‘According to Jim’
Cheryl and Jim
The second-wave Blues Brother Jim Belushi stars opposite ’90s cutie-pie Courtney Thorne-Smith on this ABC show, which debuted in 2001. It has earned an astonishing 14 percent rating on Rotten Tomatoes and the marital mismatch inspired a lot of head-scratching. “If the wife is so damn smart, why did she marry such a boob?” a Variety critic wrote.
Belushi’s character — and maybe Belushi, too — seems convinced of his own charisma, even as the show gives him a halfhearted mullet and a wardrobe that fits him like a glove, a glove someone has repurposed as a balloon. “I’m in great shape,” Jim says. “What shape is that,” Cheryl replies. “A circle?” Thorne-Smith, of course, looks terrific throughout. Here’s an exchange from a Season 2 episode:
Jim: I married her for her looks.
Cheryl: I married him for his money.
Jim: Hah! I win!
Bill and Judy
Mark Addy, an English actor trained at the Royal Academy of Dramatic Art who later appeared as a corpulent, dissipated king on “Game of Thrones,” stars opposite the ’80s pinup Jami Gertz in this CBS comedy that debuted in 2002. (The show is set in Chicago, though Addy’s accent suggests otherwise.) A pre-“Gone Girl” Gillian Flynn, writing in Entertainment Weekly, called it a tired iteration of the “Fatty-Gets-a-Family formula.”
The parents met in high school and as Bill tells their son in a Season 2 episode, Gertz’s Judy was “the hottest chick in our class, she was way out of my league.” She remains so. Conveniently, Judy values chivalry over looks, telling her daughter, “Hot comes and goes but if you find someone who knows how to use a napkin, chain him down.” Unlike a lot of sitcom dads, Addy isn’t especially funny, though he does demonstrate genuine affection for his wife.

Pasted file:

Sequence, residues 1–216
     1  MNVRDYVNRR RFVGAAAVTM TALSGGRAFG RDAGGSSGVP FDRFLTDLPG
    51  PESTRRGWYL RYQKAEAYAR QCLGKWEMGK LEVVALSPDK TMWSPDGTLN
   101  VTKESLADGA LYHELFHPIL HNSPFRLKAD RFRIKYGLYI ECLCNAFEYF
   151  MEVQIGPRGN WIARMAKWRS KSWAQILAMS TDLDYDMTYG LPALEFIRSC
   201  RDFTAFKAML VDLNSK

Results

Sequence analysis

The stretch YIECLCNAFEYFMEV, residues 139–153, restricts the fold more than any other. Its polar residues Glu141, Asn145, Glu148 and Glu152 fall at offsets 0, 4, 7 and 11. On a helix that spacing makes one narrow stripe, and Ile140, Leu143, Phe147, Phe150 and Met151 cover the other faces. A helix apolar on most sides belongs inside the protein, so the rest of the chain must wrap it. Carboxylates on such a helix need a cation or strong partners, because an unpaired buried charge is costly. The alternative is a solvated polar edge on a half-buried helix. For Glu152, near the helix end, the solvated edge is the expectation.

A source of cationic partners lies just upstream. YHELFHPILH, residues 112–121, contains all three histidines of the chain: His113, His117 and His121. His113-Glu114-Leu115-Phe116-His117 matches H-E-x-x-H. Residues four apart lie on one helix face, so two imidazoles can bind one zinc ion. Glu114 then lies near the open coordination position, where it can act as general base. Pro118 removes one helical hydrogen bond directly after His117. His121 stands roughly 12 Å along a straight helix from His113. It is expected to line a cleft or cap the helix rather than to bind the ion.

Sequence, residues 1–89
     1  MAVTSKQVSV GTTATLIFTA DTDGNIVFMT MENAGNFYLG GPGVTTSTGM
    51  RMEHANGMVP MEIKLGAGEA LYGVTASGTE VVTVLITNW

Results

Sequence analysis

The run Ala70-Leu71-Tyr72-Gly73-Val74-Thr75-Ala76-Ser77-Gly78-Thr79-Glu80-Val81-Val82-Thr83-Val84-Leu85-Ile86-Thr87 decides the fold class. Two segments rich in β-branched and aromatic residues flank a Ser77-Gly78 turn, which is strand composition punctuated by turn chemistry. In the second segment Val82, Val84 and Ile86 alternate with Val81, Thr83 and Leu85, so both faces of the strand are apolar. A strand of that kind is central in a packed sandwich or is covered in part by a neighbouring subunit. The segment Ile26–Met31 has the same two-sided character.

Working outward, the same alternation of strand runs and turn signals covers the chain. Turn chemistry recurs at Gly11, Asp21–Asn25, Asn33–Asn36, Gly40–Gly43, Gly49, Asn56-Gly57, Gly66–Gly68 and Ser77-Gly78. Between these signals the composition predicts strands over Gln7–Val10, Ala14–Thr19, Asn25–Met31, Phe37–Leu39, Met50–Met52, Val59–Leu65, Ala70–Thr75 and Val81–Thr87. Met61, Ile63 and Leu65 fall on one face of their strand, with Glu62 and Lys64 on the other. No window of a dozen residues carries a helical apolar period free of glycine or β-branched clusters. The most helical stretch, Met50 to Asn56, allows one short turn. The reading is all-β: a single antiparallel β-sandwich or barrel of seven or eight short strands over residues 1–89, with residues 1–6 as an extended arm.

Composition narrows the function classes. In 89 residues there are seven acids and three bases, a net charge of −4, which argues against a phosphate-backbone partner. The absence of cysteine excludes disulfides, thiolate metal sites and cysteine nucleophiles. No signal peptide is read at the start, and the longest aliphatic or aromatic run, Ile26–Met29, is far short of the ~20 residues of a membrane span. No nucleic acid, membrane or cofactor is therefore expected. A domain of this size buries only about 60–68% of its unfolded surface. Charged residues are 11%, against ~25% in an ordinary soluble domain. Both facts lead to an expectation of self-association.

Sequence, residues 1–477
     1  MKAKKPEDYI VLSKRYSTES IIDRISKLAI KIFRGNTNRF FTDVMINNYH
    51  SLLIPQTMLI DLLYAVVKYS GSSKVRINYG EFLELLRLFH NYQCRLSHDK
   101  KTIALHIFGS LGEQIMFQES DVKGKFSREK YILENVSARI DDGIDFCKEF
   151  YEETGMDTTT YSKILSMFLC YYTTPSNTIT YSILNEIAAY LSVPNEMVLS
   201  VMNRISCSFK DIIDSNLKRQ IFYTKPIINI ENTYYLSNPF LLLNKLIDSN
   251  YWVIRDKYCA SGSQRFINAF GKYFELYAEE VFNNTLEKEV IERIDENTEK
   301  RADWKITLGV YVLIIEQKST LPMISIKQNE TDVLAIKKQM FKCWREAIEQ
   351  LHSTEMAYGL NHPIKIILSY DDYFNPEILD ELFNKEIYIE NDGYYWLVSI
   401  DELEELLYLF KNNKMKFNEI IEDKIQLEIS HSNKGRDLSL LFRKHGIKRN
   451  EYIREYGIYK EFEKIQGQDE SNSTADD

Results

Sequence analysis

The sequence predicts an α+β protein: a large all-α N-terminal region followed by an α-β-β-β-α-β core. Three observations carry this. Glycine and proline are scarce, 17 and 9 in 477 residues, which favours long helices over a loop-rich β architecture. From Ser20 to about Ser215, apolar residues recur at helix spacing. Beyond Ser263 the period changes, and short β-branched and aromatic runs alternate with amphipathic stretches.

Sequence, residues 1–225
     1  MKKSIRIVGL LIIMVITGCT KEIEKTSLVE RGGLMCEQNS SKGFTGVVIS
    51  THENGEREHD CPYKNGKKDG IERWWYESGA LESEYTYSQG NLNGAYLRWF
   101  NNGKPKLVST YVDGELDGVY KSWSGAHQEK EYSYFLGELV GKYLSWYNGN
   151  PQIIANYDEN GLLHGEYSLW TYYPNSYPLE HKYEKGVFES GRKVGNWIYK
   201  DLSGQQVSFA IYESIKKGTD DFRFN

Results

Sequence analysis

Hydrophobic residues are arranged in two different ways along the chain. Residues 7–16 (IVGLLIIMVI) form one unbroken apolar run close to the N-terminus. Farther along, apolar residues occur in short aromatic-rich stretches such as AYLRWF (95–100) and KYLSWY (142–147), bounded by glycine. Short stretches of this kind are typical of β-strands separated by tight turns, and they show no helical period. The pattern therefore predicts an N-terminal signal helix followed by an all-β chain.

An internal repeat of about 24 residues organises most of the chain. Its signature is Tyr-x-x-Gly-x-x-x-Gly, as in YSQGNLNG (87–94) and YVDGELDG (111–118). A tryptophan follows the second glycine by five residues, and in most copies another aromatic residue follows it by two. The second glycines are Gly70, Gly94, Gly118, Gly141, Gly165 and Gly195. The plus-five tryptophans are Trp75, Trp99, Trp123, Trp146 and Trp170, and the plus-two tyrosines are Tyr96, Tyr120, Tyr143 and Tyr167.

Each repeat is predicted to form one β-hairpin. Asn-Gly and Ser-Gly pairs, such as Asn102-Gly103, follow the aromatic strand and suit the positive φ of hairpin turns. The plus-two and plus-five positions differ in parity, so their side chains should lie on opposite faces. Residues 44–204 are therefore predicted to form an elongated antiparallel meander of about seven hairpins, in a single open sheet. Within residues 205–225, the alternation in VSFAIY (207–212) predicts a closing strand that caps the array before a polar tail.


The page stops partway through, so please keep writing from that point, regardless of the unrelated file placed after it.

Gloria and Jay
This zippy mockumentary, which debuted on ABC in 2009, starred Sofia Vergara as Gloria, a Colombian bombshell, and Ed O’Neill as Jay, a closet and blinds mogul, who looks a bit more like a bomb fragment. (O’Neill’s previous sitcom, “Married With Children,” also presented an attractiveness gap, though narrower.) The trope is deployed with some self-awareness. The Times critic, reviewing the pilot, complimented Vergara’s “tonally perfect sendup” of the fiery Latina stereotype.
The family assumes that Gloria has married Jay for his money — the series’s fifth episode, “Coal Digger,” centers on this premise. But Gloria disputes this, minimizing the difference in their looks. In a Season 6 episode, she says, “A lot of people assumed that I married you for your money and that’s only a very, very small part of it. I married you because you’re sexy. You still are. Who knows how long that’s going to last for either of us?”
‘Parks and Recreation’
Gayle and Jerry
Most of the couples on this affable series, which began on NBC in 2009, had equally good looks. (Though what Rashida Jones’s Ann ever saw in Aziz Ansari’s Tom remains an enduring mystery.) There was, however, one deliberate exception.
Jerry (Jim O’Heir), the office manager of Pawnee’s Parks and Rec Department, is flatulent, paunchy and pathologically clumsy. In the second season, at a Christmas party, his co-workers are introduced to his wife, Gayle, played by the supermodel Christie Brinkley. As in “Modern Family,” the show deploys the hot wife trope self-consciously. The real joke — a sweet one — is that while Jerry remains the butt of every office gag, Gayle and three gorgeous daughters worship him as an ideal husband and father.
Source: Television - nytimes.com